There are many great moments in the movie Jerry Maguire, some of them romantic, some of them funny, and some of them heart-warming. One of the most thought-provoking scenes from the film involves a discussion between Jerry, a sports agent played by Tom Cruise, and Rod, a football player, about how an agent-client relationship should work. It was from this scene that we get that incredibly memorable line “Help me, help you.” And just like that, we have words that resonate with every person who’s ever tried their hardest to help others who don’t think they need help.
Given the popular origins of this well-known quote, it’s easy to assume that this only applies to people who offer other people a service. But the truth is that it can apply to people who are trying to help their favorite brands improve their products and services. Sadly, many businesses miss these cues and end up alienating even the most dedicated patrons.
So how do you help your customers, help you?
Give them communication channels through which they can actually comment
The number one reason for missing constructive comments from buyers is the lack of effective feedback channels.
Sure, you can have the most advanced enterprise phone system (at the moment, it looks like RingCentral is holding the title for this) with everything from business voicemail to touch tech capabilities. But that doesn’t necessarily mean that you’re using it to listen to people’s observations about your brand has to offer. Most customer service lines are used to either try to sell upgrades to existing clients or to contain a disaster.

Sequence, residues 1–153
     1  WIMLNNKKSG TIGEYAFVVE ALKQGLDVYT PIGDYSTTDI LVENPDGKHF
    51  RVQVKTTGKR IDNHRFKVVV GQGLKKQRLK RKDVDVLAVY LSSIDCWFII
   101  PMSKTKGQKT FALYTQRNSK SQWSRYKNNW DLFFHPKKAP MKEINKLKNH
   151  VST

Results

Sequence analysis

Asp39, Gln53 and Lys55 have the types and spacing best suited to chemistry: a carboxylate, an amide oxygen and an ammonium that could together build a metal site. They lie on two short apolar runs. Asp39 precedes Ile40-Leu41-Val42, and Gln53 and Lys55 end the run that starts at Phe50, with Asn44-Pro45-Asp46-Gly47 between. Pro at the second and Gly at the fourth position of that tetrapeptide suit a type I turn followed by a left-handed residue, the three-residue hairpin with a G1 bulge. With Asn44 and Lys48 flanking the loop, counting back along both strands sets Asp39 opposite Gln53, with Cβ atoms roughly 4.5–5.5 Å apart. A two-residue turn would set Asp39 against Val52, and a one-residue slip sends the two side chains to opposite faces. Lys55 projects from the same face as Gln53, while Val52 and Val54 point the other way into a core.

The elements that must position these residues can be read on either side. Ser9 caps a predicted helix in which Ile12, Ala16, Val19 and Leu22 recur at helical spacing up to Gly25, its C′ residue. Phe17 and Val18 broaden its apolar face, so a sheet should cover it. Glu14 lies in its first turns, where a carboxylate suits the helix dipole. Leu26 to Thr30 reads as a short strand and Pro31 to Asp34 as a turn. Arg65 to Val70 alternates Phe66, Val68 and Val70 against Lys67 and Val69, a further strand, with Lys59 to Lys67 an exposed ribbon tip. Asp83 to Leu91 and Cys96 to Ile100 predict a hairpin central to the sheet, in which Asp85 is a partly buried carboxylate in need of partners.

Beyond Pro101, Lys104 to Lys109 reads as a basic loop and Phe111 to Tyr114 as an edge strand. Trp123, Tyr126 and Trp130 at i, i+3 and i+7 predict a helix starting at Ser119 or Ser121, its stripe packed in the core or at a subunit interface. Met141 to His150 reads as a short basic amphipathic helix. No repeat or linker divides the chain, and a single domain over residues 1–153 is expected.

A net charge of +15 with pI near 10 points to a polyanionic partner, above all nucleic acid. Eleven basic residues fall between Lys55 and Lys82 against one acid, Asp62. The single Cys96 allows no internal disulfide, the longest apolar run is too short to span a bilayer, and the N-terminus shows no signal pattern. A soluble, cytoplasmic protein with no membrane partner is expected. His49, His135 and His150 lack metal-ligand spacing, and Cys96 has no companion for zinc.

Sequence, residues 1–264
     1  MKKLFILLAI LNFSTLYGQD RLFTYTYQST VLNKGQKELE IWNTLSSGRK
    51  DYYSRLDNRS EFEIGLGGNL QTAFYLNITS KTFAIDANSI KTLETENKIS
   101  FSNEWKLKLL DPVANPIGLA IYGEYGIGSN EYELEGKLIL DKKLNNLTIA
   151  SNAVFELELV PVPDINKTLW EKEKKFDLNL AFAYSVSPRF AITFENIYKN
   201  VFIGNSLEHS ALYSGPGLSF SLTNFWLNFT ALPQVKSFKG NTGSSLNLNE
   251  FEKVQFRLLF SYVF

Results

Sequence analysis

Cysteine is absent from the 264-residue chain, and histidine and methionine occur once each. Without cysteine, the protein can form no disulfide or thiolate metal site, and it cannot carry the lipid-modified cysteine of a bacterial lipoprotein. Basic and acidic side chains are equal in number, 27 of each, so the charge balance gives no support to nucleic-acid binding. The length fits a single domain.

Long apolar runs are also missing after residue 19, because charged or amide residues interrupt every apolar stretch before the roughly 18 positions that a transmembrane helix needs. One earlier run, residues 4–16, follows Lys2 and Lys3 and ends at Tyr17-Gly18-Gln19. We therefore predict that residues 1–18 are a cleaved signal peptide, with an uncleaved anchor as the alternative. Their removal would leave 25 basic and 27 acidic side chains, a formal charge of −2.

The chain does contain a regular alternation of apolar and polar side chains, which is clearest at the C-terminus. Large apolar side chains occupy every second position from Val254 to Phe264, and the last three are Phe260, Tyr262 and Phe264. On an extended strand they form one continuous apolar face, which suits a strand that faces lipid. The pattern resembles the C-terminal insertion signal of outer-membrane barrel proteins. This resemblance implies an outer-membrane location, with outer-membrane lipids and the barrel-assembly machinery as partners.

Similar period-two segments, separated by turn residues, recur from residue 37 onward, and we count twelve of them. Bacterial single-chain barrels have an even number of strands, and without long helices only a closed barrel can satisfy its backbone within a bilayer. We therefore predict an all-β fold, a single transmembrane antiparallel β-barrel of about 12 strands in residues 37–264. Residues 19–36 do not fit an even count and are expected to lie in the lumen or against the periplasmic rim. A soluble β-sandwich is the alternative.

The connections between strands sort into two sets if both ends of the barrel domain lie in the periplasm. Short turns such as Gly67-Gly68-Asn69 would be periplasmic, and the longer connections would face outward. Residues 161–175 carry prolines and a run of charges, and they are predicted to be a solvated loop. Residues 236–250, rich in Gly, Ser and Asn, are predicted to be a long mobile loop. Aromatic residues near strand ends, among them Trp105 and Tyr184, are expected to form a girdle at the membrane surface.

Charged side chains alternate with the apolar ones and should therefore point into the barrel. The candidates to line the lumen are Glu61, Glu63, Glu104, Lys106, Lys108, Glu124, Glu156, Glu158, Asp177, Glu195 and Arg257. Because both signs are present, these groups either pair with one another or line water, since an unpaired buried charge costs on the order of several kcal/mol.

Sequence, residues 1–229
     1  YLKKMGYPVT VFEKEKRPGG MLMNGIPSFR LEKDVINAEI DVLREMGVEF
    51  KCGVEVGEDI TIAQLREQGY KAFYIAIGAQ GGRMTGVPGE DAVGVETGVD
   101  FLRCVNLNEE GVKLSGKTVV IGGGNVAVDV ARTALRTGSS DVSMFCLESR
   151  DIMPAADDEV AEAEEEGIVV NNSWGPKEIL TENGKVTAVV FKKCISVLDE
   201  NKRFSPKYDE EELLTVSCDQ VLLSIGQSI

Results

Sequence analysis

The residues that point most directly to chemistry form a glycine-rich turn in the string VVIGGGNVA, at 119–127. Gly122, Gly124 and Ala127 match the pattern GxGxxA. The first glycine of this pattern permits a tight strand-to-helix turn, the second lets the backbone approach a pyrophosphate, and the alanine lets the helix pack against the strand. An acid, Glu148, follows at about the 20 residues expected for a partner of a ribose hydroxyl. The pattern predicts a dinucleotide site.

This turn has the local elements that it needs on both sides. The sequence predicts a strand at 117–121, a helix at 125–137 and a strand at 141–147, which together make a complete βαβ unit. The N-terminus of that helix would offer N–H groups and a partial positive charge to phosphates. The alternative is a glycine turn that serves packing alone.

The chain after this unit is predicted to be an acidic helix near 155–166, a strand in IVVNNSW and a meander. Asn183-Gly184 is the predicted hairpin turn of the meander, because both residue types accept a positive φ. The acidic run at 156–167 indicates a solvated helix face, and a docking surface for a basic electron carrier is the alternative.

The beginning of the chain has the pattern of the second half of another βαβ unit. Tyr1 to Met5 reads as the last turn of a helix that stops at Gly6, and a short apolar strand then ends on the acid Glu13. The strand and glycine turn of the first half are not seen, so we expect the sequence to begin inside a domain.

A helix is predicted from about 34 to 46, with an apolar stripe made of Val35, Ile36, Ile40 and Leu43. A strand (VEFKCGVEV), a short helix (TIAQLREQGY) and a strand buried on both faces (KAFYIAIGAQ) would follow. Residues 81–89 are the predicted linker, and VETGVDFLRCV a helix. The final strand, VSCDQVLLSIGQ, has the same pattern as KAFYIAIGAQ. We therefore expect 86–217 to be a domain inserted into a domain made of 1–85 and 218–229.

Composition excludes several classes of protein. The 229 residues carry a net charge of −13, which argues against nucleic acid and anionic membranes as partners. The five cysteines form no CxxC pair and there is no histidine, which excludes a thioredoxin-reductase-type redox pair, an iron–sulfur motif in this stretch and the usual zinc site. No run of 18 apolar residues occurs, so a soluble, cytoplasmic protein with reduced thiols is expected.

Meanwhile, you’ve also decided to set up social media accounts on sites like Twitter and Facebook, where you can create more awareness for your products and offerings. You can optimize all you want to attract people to your page, and that’s good. But that doesn’t mean that you’re opening yourself to a complete connection with your customers. For some businesses out there, their social media accounts are only there to help them sell products to more people than ever before. They either don’t fully interact with everyone on their fan page or downright delete comments perceived as “negative”.
Don’t ignore what they have to say
One of the main problems that businesses tend to have is their general attitude towards after-sales communication with their customers. Let’s look at the channels we brought up earlier in this article.
You have customer service phone lines that help people troubleshoot their issues with the product or service you’re offering. It’s great, but it also makes you think that every call that comes in is a complaint or attack against your product. What happens then is that you go on defensive mode for your product.
In the case of social networks, it’s a little bit different. Because you are using those “accounts” to promote your brand, it’s perfectly normal to be deathly afraid of negative comments on your page that can prevent new customers from engaging with you. This is why you might be tempted to either delete or disable comments from certain accounts.
It will only protect your brand for a short while. In the long run, customers will realize that you are unwilling to have the kind of relationship they want with you. Not only will this lose you customers, it will also prevent you from offering the products and services that your market really wants.
So help your customers help you. At the end of the day, it won’t really hurt.